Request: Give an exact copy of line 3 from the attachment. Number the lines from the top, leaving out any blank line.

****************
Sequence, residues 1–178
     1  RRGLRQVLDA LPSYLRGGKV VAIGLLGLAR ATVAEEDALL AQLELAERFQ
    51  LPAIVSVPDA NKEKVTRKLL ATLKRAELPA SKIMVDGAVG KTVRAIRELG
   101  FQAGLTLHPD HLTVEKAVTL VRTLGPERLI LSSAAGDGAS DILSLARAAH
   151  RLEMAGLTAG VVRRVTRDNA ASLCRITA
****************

    51  LPAIVSVPDA NKEKVTRKLL ATLKRAELPA SKIMVDGAVG KTVRAIRELG